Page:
Forage is an app for a non-profit organization. It aims to organize pickup times for folks wanting to donate food items to families in need. You can leave a bin of canned foods or non-perishable food items outside your house and with a simple pickup request from our app, our Forage trucks will come pick it up.
My task was to design the whole app experience and I used a lean UX approach I usually apply to startups I work with. This is a great method to develop an fast and good MVP.
My budget for this project was 20 hours and with this limit in mind, I created cards with all the tasks and features I planned to do. I used the Fibonacci sequence (1, 2, 3, 5, 8) to point the cards and a total of 54 points to the 20 hours. This helped me to estimate the roadmap and define the priority and importance of every feature/task.
To understand existing scenarios, identify pain points and have a widely view of the problem, I decided to create basic personas and work with storyboards. In the process I found two different people: one who donate in several different dates and times and other that donate often, on the same day and time. It helped me to create empathy with the personas and gave me a better perspective to design the schedule interface.
Anne is an architect and she likes do make donations from time to time.
John works on a restaurant and he likes to donate leftovers every weekend.
Sketching the concept
With the personas in mind, I started to sketch the concepts of the interface. I think this is the fastest way to get some ideas of what I need to do. I used these rough sketches to show my concept to some people and validate it.
Wireframing and prototyping
After I validated my sketches, I started to design high fidelity wireframes and made an prototype in order to test the final process with the users.
Since I didn’t have a lot of time/budget, I decided to test the prototype with 4 friends. I know they aren’t the best choice but I think every idea should be tested in some way before moving to the next step.
I tested three main tasks:
- Schedule a pickup on the closest day/time;
- Schedule a pickup to next week;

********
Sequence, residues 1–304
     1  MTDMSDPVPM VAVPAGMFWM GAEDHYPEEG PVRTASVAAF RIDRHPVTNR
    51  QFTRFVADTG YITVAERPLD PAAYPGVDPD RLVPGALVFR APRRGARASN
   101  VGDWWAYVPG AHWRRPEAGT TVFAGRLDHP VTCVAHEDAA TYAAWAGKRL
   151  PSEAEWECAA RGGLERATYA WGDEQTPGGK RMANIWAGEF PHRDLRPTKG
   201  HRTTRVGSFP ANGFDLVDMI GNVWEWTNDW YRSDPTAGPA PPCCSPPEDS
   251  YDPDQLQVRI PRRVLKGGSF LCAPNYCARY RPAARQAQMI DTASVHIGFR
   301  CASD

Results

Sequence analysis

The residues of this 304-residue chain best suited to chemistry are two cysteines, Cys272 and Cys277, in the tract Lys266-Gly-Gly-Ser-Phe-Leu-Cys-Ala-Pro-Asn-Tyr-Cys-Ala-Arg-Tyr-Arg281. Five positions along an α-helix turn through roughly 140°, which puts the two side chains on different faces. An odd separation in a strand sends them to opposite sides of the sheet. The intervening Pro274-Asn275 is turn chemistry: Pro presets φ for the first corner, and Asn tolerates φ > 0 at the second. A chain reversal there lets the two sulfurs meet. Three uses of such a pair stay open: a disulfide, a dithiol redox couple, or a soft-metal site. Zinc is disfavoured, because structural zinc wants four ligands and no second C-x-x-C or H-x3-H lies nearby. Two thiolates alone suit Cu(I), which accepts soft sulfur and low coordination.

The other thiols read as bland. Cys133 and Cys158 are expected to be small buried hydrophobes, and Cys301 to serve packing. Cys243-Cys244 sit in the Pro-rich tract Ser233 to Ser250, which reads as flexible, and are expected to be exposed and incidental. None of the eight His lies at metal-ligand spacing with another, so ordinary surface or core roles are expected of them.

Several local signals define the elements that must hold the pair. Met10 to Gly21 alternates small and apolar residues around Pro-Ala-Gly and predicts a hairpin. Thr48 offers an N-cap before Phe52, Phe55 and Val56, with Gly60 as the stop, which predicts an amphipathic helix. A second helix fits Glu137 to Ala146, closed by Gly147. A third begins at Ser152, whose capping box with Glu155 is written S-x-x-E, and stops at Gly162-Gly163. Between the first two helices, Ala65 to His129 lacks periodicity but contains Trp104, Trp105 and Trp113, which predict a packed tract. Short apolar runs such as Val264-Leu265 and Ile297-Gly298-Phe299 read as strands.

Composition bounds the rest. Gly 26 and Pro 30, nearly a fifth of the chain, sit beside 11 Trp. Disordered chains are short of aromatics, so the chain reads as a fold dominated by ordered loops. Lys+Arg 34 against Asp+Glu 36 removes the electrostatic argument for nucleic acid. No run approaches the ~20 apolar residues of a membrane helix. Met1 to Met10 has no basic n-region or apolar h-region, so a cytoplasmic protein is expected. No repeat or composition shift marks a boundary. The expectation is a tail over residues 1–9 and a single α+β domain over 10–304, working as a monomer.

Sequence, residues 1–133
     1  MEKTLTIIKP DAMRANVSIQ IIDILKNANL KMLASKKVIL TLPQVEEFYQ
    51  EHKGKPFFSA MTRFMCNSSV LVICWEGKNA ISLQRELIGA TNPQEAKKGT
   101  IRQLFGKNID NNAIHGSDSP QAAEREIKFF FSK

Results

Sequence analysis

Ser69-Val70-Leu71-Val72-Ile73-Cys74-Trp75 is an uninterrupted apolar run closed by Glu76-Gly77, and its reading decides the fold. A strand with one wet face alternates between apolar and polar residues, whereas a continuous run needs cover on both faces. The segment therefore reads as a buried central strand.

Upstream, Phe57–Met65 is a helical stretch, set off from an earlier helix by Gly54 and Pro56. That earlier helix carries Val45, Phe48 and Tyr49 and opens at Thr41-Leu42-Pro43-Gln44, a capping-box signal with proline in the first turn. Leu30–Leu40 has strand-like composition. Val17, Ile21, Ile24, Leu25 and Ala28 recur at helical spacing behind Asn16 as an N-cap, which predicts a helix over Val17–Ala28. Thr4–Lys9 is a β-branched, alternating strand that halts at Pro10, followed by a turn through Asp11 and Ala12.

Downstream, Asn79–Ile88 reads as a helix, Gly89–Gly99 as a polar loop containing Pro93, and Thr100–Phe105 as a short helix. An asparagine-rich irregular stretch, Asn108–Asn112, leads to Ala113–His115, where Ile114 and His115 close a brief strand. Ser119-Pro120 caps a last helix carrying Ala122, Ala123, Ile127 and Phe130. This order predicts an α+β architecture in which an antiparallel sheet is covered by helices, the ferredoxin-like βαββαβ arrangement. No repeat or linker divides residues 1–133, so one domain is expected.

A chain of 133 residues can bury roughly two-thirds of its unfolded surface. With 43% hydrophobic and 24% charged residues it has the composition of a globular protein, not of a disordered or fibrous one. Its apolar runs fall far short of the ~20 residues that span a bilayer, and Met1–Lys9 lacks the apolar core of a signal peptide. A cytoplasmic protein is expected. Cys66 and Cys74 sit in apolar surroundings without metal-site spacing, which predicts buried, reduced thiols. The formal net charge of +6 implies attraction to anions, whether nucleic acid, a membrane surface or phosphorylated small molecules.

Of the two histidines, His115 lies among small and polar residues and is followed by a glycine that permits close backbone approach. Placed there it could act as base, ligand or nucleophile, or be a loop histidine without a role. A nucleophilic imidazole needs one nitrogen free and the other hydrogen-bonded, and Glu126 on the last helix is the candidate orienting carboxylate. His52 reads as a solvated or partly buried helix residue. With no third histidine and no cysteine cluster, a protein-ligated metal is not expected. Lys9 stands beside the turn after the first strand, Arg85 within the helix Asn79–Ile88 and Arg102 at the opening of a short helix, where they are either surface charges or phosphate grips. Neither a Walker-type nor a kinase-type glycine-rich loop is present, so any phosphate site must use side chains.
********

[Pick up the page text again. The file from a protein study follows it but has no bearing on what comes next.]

- Schedule a pickup at your work.
All the users completed the tasks with no problem. With it validated, I moved to the final design.
I tried to keep the interface the most simple possible, using the iOS guidelines wherever it was applicable. Since I didn’t have any logo or branding, I decided to use green as main color.
Apple Watch is a great tool to improve the overall experience of a user, but the features need to be carefully chosen. The pickup flow is really simple and could be easily be adapted to the Watch. The interactions are super quick and can be understood instantly.
It’s always great to research and get to know more about different kinds of users. I learned a lot thinking about the user stories and even more with the usability test and interview. The people might have several different needs to get to the same final task, and it’s very important to discover, understand and facilitate these pain points.
The hardest part was to stick to the 20 hours of project even feeling there was so much more I could do. But I think it’s really important to understand priorities and respect the defined roadmap, specially with an MVP where testing and validating the idea as soon as possible is the most important task.
If I could go back and give myself an advice it would be to talk to people sooner. I think it took me more time than it should to understand that some people could make donations more often or schedule the pickup for the next week, for example. If I had understood it soon, the process would be much easier.